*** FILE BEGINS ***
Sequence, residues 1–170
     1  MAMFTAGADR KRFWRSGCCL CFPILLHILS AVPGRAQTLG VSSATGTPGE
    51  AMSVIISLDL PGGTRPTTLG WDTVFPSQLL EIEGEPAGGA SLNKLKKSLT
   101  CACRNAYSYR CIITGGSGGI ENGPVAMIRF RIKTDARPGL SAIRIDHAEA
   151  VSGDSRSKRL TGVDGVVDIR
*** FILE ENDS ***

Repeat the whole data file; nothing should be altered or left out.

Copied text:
Sequence, residues 1–170
     1  MAMFTAGADR KRFWRSGCCL CFPILLHILS AVPGRAQTLG VSSATGTPGE
    51  AMSVIISLDL PGGTRPTTLG WDTVFPSQLL EIEGEPAGGA SLNKLKKSLT
   101  CACRNAYSYR CIITGGSGGI ENGPVAMIRF RIKTDARPGL SAIRIDHAEA
   151  VSGDSRSKRL TGVDGVVDIR